EST hit its stride in the late ’70s. In workmanlike clothes, Dempster would welcome audiences with his signature greeting: “In the spirit of works in progress, welcome to EST.” He developed an annual marathon of one-act plays—simply “The Marathon” to insiders—that was widely credited with revitalizing the short-play form. Seminal plays like Christopher Durang’s Sister Mary Ignatius Explains It All for You appeared alongside offerings from David Mamet and Tennessee Williams; new work from Arthur Miller, Lanford Wilson, and Wendy Wasserstein shared the bill with plays from newcomers like John Patrick Shanley; stars like Sarah Jessica Parker, David Hyde Pierce, Kevin Bacon and John Turturro created roles in new plays. “Whoever you were,” says associate artistic director Graeme Gillis, “if your play was good, that was what counted.”
By the ’90s, though, the venerable institution seemed worse for wear. “The theatre scene shifted pretty radically,” says Holtham, who came on as an intern in 1996 and stayed on staff until 2005 to run the Sloan Project and Youngblood. “The expense to produce theatre in New York, the need for an expensive publicist, dwindling space for reviews—those shifts left EST behind.” Other organizations moved to upscale theatre complexes, but EST remained loyal to Dempster’s noncommercial vision. In addition, under Dempster and a rotating series of managing directors, the theatre had built up a debt of over $1 million. “Curt was not good at money,” says Talman flatly.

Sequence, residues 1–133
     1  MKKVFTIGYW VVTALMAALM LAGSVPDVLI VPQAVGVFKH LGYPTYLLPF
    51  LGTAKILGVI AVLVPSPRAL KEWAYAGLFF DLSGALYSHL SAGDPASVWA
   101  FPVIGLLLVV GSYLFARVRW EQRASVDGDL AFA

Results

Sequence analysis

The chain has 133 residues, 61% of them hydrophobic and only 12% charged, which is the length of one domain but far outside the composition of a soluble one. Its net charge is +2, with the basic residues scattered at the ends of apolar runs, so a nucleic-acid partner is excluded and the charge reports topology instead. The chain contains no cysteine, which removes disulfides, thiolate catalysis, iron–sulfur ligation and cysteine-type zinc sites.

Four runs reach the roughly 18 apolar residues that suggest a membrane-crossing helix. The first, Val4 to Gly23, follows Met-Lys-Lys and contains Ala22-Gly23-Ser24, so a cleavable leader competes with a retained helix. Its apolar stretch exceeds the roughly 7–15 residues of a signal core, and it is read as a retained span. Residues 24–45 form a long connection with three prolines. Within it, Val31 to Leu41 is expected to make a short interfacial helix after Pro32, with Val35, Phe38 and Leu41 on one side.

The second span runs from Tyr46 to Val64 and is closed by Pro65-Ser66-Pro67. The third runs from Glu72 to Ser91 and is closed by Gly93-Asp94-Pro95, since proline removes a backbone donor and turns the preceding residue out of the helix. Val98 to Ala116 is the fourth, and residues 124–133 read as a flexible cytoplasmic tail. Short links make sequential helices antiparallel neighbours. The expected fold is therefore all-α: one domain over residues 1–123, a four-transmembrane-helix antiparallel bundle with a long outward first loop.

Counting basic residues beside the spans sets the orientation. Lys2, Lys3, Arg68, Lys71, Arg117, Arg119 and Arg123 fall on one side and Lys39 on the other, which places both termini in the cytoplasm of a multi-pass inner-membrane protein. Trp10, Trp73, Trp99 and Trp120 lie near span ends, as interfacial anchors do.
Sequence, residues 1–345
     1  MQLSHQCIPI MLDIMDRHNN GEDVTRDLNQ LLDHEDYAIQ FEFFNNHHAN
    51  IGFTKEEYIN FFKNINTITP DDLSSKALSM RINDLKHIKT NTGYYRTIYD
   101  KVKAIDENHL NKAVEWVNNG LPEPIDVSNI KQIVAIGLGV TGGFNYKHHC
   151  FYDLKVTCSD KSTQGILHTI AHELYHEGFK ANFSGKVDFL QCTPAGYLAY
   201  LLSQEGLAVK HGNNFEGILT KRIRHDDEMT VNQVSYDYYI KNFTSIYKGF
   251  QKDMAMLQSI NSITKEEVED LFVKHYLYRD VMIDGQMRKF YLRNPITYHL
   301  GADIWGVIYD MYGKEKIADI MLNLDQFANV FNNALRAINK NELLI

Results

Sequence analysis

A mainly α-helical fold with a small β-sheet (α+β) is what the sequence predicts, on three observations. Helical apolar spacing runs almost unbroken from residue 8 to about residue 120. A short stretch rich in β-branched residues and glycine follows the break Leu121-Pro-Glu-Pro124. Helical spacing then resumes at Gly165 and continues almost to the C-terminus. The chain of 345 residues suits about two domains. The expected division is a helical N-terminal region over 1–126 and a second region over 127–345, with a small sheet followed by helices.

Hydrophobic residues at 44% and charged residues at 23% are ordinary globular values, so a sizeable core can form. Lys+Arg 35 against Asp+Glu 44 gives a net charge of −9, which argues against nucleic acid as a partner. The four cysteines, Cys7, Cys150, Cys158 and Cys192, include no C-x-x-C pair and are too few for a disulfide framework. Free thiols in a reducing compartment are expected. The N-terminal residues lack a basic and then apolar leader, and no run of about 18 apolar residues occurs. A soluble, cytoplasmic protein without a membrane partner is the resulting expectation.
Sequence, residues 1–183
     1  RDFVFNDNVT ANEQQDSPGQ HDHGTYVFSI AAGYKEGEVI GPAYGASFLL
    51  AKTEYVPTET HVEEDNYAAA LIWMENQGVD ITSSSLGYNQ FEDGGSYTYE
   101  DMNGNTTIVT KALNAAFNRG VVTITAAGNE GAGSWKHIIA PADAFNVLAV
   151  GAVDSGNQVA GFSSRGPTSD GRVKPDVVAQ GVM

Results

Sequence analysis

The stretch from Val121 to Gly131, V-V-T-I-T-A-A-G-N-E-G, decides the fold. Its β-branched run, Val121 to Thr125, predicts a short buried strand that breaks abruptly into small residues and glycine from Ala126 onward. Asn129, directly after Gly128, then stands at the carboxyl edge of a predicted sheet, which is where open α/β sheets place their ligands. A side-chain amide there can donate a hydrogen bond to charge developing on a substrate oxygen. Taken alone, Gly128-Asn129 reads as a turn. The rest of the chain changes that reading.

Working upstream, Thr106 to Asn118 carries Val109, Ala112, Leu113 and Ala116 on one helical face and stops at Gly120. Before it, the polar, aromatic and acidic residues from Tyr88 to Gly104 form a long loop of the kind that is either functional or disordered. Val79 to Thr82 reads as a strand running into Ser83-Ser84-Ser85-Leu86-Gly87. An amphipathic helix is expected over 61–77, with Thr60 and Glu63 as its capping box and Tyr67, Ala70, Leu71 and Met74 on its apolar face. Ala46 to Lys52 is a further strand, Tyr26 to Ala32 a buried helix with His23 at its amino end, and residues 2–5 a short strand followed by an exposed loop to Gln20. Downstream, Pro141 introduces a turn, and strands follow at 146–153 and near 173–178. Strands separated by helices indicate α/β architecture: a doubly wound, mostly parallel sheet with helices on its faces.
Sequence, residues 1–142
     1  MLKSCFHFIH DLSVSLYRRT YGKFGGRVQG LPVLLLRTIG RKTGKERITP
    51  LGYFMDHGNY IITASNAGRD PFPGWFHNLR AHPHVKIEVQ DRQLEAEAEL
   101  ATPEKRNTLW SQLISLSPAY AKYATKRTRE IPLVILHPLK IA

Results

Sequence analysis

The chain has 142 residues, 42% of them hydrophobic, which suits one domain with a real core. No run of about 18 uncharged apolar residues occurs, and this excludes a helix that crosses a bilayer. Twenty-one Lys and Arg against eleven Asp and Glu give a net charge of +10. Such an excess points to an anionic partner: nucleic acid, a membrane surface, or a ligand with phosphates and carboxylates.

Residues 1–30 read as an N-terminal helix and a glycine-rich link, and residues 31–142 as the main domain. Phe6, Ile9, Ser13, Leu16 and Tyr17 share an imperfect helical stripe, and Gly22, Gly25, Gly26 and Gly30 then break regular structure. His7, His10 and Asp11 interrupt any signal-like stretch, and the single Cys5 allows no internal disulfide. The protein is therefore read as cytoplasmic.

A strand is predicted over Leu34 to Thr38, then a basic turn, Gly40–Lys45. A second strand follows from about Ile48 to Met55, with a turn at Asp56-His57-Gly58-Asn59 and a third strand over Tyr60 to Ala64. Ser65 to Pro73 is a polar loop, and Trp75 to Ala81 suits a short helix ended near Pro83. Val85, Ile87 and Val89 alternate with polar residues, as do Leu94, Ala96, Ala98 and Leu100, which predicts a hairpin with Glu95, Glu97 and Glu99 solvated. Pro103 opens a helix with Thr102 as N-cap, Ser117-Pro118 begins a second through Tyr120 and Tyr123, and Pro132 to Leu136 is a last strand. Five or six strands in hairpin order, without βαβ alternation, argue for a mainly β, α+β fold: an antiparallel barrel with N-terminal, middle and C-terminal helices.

Financial problems worsened in the early 2000s when the theatre purchased a 31-acre artists’ retreat in Lexington, N.Y. “It was something that Curt felt strongly about,” says Carden. “He was aware of all these poor artists living in New York and what it meant to have a place to go in the summer.” An outdoorsman, Dempster “pretty much spent every single weekend there,” says Gillis. “He needed to get back to nature.”
At times, it seemed the theatre was in the real estate business instead of play-producing. “Curt’s obsession with keeping Lexington, to the detriment of everything else, really started to hurt him,” says Holtham. The theatre’s board became concerned about the disproportionate out-of-town financial investment, especially since it was purchased with debt-generating loans. A troubled period ensued—“essentially a civil war,” remembers Holtham.
In 2003, a strange, complex theft was discovered within the organization—$48,000 had been stolen from the theatre using checks with Dempster’s forged signature, to pay debts associated with another theatre production. The robbery just “kicked a hole in the boat,” says Holtham.
“After the embezzlement happened,” says Gillis, “Curt had to let people go, one after another.” Gillis stayed, working for free, while Holtham worked on speculation. During the crisis, Dempster gave his lieutenants money out of his pocket.